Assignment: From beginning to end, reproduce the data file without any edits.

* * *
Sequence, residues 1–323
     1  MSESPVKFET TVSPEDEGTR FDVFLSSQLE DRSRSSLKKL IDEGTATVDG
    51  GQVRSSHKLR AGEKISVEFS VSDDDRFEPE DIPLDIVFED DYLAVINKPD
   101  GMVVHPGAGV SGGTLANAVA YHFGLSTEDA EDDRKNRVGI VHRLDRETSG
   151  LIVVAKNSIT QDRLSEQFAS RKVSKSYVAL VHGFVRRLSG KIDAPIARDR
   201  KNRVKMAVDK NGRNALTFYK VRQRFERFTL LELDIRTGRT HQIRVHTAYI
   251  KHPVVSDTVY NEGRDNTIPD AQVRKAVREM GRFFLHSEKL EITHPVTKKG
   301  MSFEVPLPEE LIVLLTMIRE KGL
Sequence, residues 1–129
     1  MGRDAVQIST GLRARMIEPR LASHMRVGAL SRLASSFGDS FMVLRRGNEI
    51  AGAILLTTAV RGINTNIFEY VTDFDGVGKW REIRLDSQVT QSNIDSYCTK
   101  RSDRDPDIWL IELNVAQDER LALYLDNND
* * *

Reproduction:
Sequence, residues 1–323
     1  MSESPVKFET TVSPEDEGTR FDVFLSSQLE DRSRSSLKKL IDEGTATVDG
    51  GQVRSSHKLR AGEKISVEFS VSDDDRFEPE DIPLDIVFED DYLAVINKPD
   101  GMVVHPGAGV SGGTLANAVA YHFGLSTEDA EDDRKNRVGI VHRLDRETSG
   151  LIVVAKNSIT QDRLSEQFAS RKVSKSYVAL VHGFVRRLSG KIDAPIARDR
   201  KNRVKMAVDK NGRNALTFYK VRQRFERFTL LELDIRTGRT HQIRVHTAYI
   251  KHPVVSDTVY NEGRDNTIPD AQVRKAVREM GRFFLHSEKL EITHPVTKKG
   301  MSFEVPLPEE LIVLLTMIRE KGL
Sequence, residues 1–129
     1  MGRDAVQIST GLRARMIEPR LASHMRVGAL SRLASSFGDS FMVLRRGNEI
    51  AGAILLTTAV RGINTNIFEY VTDFDGVGKW REIRLDSQVT QSNIDSYCTK
   101  RSDRDPDIWL IELNVAQDER LALYLDNND